*The 600,000 number is based on 1% of South Africa’s population of 60m. It is not based on any scientific analysis that these individuals actually exist. However, judging by the high levels of engagements in various online protests movements, this number is far from unlikely and could be significantly higher.


Our Entry Point

Our entry point is the global concern about climate change in general and — more specifically — the $6 trillion annual climate con, due to start in 2022. The announcement at COP26 will commit signatories of the Paris Accord to funding their share of the UNs budget of $6 trillion every year. (For extensive coverage of this complex topic, see our research portals on Understanding Climate Science and Understanding ESG.)

South Africa’s portion of this fee is $11 billion, or R163 billion every year. This is on top of the following 2022 big ticket SDG-related budgets:

  • learning and culture (R402.9 billion),
  • social development (R335.2 billion) and
  • health (R248.8 billion).

In other words, businesses and taxpayers will be funding R1.1 trillion towards the 17 Sustainable Development Goals in South Africa. That’s a non-trivial number. In addition, our pension funds and investments are at risk of being raided, all under the guise of climate change and SDGs.

We fully support any realistic effort to reverse the environmental damage caused by progress and growth. However, just as with most government spending, we are concerned that there may be less than full transparency on how SDG-related capital is spent.

That’s a problem.

We offer a better way. We enable corporates to outsource their SDG obligations to local regenerative projects, where individuals working on these projects are paid in a consciously-designed crypto token. The projects provide full transparency and governance around climate-related impacts. SDG-related tax revenue — which would have been sent to UN partners — can instead be invested locally, providing employment AND better climate-related results.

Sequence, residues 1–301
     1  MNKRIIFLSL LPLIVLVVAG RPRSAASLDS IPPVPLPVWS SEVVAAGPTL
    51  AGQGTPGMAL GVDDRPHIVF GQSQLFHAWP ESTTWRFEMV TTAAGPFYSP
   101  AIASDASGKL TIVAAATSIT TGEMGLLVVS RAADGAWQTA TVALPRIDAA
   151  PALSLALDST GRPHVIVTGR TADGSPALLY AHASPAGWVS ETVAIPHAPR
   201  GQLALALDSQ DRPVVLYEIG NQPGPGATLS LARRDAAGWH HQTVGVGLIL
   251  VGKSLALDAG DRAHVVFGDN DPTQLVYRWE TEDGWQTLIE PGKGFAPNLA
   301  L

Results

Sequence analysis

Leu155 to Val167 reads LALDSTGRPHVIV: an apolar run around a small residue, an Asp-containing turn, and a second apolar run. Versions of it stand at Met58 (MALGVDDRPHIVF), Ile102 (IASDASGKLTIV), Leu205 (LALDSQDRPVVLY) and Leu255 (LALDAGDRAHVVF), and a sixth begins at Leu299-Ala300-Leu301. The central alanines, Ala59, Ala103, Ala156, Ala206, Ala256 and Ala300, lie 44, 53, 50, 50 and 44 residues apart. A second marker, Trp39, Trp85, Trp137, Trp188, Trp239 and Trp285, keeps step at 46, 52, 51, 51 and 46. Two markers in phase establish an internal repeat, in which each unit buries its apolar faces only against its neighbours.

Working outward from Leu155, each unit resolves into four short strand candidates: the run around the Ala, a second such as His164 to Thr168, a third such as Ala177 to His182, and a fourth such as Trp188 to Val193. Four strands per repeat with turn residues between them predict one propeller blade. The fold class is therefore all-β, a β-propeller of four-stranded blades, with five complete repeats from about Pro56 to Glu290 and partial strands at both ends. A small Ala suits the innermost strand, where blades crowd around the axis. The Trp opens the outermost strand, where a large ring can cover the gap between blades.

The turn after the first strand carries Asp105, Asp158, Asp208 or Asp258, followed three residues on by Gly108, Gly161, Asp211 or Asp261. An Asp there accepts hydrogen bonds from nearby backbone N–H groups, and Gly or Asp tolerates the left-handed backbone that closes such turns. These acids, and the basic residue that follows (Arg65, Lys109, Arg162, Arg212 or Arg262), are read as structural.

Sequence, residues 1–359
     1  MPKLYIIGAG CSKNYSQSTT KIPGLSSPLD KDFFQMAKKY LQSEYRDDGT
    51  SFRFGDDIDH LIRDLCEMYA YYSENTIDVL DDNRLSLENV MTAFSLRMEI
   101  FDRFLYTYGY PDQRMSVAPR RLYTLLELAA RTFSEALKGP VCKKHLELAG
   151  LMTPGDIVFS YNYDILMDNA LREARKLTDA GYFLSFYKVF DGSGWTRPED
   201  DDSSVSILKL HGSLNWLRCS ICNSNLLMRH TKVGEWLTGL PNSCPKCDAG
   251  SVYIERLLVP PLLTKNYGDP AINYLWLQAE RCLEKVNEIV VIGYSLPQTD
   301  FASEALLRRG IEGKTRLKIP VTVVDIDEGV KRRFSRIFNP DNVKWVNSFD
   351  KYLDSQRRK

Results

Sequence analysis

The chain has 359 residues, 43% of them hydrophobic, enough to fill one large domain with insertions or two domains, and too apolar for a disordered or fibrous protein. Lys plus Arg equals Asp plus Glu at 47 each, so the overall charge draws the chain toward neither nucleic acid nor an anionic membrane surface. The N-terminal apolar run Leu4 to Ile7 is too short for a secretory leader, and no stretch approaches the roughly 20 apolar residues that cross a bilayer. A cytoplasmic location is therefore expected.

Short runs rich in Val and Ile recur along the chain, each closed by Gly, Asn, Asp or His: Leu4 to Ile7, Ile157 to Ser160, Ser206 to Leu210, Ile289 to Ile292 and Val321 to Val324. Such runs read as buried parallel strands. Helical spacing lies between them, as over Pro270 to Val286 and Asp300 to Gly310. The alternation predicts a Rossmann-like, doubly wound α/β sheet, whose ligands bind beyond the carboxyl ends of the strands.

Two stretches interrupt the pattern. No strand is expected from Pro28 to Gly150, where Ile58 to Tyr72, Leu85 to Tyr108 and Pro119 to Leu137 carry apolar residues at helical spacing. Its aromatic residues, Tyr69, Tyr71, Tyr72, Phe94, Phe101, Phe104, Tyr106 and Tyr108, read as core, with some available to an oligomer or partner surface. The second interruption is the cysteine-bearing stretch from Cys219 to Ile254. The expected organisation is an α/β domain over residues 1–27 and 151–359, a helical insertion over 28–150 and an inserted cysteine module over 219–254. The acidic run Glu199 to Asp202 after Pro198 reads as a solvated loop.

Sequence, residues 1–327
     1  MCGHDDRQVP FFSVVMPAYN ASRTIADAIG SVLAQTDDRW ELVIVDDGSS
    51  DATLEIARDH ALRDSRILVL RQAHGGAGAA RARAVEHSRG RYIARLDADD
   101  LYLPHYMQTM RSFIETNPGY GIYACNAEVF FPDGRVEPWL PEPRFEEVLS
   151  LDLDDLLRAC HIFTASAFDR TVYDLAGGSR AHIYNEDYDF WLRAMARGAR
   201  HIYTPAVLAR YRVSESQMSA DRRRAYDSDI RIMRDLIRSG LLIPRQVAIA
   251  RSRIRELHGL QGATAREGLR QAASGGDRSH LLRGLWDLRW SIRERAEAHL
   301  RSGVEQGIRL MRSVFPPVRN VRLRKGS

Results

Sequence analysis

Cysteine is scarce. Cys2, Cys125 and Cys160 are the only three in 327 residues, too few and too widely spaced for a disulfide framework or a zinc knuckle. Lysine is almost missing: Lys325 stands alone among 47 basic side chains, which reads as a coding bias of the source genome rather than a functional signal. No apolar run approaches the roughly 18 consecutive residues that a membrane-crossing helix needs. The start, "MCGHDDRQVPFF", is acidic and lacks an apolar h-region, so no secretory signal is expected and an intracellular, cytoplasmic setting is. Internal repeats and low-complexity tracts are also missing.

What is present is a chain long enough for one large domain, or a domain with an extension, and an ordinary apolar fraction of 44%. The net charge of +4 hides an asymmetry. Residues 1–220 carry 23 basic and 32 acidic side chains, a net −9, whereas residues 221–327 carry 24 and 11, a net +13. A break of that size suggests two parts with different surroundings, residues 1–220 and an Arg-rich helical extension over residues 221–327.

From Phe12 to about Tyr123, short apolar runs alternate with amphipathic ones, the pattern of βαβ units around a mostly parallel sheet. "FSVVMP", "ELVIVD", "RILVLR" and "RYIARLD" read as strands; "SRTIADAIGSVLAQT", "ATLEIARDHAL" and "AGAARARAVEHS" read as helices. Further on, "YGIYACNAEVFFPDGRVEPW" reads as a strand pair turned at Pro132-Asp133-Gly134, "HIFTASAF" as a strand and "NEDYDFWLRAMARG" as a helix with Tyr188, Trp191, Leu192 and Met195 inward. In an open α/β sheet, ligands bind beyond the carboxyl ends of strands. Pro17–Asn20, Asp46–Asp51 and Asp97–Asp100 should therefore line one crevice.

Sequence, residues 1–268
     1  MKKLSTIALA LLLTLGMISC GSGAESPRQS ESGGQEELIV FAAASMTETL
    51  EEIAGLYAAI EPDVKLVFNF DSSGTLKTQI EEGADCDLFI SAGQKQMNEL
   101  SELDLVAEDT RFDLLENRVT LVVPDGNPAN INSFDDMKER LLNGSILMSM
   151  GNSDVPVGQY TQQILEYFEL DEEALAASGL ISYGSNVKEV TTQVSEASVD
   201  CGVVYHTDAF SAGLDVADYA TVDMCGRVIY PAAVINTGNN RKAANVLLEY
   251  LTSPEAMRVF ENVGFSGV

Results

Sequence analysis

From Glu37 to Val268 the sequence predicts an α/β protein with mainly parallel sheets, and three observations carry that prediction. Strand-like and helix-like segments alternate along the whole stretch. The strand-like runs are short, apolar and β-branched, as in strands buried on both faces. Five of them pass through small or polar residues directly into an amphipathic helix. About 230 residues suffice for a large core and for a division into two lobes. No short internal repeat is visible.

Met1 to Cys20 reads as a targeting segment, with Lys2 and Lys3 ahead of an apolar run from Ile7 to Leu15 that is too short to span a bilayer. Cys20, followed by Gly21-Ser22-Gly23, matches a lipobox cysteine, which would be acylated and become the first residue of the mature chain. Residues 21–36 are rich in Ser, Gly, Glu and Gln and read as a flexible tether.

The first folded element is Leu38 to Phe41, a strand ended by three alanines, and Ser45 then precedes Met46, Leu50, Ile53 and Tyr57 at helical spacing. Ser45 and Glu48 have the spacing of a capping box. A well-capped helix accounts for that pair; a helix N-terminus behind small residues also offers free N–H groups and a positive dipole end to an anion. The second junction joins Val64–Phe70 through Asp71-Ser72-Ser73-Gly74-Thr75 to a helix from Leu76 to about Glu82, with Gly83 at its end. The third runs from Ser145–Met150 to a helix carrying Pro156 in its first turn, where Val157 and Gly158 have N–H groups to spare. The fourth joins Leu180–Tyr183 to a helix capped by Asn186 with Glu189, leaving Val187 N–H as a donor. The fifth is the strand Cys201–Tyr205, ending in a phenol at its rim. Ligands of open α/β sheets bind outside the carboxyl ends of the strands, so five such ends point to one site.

This is how we create a healthy value flow out of the neoliberal monetary system and into monetary systems designed for planetary and personal thriving. Further detail can be found on our Strategy page.

We have a different key message for each of the three sectors of society.

  • Public Sector: South Africa’s millions of unemployed are better able to address SDG-related projects locally, rather than sending taxes and levies to the UN and her partners.
  • Private Sector: Unfortunately there is no escaping the additional tax burden, since South Africa is one of the signatories of the Paris Accord. However, by investing the same amount on local projects, South Africa achieves a better result AND provides much-needed local employment.
  • Plural Sector: We help fund grassroots activist movements by providing the funding and governance mechanism to bridge corporate tax revenues with local projects.

Our mission is to achieve at least 10x the impact expected by signatories of the Paris Agreement. However we can only achieve this by becoming independent of top-down, globalist structural impositions from organisations like the UN.


What Steps are Needed

While we have a long term plan that sees South Africa fully independent of all international bodies (see infographic to the right), the more immediate milestones are:

  • Provide a directory and map to enable our target audience of 600,000 to find each other.
  • As soon as the first 1,000 entries are in the directory, we can commence our citizen strategy of noncompliance and humour.
  • Launch our changemaker contest, in which a prize of 1 million tokens will introduce the concept of payment in crypto tokens to millions of unemployed.
  • As soon as we reach 5,000 entries in our directory, we can launch our influencer invitation, in which we ask business leaders and other influencers to join our mission. The strategy to get the initial support is one of nonviolent citizen lobbying and boycotts.

There is much more detail to be provided here as we finalise our route to market.

Longer term, we aim to achieve widespread non-partisan support before one of South Africa’s upcoming general elections i.e. 10m people in the directory. The outcome we will then aim for is for a non-traditional Trojan Horse political party to win the elections, but with the intent of transcending one-person-one-vote representative democracy.